NCCo Council approves development code updates; Weiner: after extensive public vetting process, we can grow responsibly while protecting the sanctity of our traffic infrastructure
“The public vetting process has been extensive and has resulted in the ability to grow responsibly while protecting the sanctity of our traffic infrastructure," Councilman Bob Weiner said.
NCCo Council approves development code updates
Xerxes Wilson , The News Journal Jan. 10, 2017
New Castle County Council passed changes to local building and development rules that may shape the future of economic development and local traffic in the state's most populous county.
The new rules add protections for the character of neighborhoods as well as a new path for large, job-creator businesses to locate and build in the county. It's been a long-running process that has been delayed over concerns the changes could dilute controversial protections against traffic gridlock — concerns County Council members rejected in their approval of the changes.
"It gives developers another option," said Councilman David Tackett, who sponsored the legislation. "This ordinance has been discussed, out there and up for consideration for almost two years."
The changes were amendments to the Unified Development Code, a 515-page document that sets out rules for and standards for what and where things can be built in New Castle County. It touches on details from building height to how proposed projects can impact traffic and the environment and is a blueprint for future projects.
County Council approved three revisions.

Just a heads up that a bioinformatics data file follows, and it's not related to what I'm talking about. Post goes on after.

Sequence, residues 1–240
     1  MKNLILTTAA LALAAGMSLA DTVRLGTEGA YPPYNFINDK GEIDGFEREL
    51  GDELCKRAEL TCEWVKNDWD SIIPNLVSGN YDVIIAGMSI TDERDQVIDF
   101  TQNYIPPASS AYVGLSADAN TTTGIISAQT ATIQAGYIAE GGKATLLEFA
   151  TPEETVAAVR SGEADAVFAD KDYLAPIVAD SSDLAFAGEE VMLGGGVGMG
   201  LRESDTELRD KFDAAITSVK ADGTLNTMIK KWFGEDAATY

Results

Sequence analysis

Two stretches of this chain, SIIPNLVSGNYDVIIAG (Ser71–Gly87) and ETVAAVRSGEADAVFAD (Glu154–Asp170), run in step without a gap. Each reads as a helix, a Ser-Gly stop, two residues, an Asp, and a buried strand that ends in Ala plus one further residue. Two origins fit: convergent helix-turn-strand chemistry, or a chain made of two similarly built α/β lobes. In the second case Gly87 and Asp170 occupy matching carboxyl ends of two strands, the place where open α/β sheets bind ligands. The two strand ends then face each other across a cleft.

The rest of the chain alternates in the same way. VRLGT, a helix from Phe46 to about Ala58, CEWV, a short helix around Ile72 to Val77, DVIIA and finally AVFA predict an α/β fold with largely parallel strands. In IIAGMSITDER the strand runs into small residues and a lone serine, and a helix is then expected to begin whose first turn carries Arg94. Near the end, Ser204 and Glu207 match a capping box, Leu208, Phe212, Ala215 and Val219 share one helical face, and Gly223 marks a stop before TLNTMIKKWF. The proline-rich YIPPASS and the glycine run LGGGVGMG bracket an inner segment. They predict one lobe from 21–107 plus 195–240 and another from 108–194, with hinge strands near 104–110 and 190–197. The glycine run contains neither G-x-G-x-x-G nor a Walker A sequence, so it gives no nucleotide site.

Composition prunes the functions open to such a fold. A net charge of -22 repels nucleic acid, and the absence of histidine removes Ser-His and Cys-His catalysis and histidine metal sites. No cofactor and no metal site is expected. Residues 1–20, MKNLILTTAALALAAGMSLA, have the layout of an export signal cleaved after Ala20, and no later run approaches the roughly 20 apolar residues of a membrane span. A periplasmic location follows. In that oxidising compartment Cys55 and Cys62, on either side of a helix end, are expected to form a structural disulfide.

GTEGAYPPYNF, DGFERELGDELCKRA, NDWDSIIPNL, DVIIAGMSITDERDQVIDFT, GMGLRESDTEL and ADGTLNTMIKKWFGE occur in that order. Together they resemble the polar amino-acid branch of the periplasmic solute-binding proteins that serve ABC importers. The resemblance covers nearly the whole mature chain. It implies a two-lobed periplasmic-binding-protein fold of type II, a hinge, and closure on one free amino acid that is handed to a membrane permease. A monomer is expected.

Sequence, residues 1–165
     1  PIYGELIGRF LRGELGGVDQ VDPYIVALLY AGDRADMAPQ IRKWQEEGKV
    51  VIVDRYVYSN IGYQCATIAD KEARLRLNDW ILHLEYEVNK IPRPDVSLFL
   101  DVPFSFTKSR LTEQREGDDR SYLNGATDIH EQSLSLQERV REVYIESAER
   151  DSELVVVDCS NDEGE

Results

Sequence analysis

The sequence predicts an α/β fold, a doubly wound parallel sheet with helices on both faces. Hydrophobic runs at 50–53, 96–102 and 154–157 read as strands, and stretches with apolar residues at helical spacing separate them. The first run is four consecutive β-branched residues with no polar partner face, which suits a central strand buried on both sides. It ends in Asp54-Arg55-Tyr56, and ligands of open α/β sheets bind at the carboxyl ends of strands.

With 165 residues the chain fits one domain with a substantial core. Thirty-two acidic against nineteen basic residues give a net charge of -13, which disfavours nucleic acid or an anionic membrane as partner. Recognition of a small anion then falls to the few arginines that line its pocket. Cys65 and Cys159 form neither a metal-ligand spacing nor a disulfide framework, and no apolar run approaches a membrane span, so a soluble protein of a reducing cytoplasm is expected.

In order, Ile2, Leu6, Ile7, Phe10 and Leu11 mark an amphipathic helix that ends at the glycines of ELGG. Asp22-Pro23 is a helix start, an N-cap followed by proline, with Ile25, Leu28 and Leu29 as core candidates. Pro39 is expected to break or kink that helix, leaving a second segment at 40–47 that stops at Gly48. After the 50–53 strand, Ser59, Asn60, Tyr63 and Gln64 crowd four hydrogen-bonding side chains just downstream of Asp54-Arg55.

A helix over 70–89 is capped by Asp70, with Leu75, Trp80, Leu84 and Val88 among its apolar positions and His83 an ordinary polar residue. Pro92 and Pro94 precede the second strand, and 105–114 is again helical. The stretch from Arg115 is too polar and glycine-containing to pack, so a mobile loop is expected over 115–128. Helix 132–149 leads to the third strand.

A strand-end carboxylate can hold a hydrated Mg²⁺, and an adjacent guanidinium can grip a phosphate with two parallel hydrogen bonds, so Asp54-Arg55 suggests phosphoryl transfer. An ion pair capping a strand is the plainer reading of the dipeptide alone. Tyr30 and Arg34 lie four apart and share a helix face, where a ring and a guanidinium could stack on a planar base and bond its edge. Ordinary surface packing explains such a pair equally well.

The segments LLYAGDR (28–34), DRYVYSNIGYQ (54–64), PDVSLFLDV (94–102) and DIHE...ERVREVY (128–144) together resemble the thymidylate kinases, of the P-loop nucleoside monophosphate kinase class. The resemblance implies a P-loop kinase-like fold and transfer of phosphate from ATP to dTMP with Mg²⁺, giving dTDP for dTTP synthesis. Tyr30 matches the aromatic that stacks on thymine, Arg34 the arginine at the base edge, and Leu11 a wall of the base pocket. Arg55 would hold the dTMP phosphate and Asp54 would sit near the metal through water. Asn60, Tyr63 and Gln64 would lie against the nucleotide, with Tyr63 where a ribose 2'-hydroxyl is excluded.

The first provides a set of so-called guiding principles for future projects, setting out things like architectural standards aimed at motivating builders to make sure their projects fit with the character of surrounding neighborhoods. The principles amount to suggestions for developers and are not binding.
The second change creates a new tool for neighborhoods or communities to proactively institute stricter design rules in certain areas. So-called neighborhood protection overlay districts would act as a new zoning overlay placed on residential areas and bring stricter rules for development design and density than basic rules included in the county's zoning districts.
Private property signs mark the grounds of the former Hercules Country Club, later known as the Delaware National Country Club, at Lancaster Pike and Hercules Road in Mill Creek. Toll Brothers Inc. had proposed a 264-home development on the 200-plus acres, which was rejected by New Castle County. The rejection led to a lengthy lawsuit recently won by the county. (Photo: JENNIFER CORBETT/THE NEWS JOURNAL)
The third change passed was the so-called economic empowerment district. Such a district will act as a new zoning category landowners may have applied to a parcel they wish to one day sell or lease to a large employer in one of several fields such as aerospace or agricultural science.
County Council would approve applications in a way that would take place before the landowner has a tenant identified. Those approvals will include traffic, environmental and other studies prior to a tenant being primed to buy or lease the land for a headquarters or job center.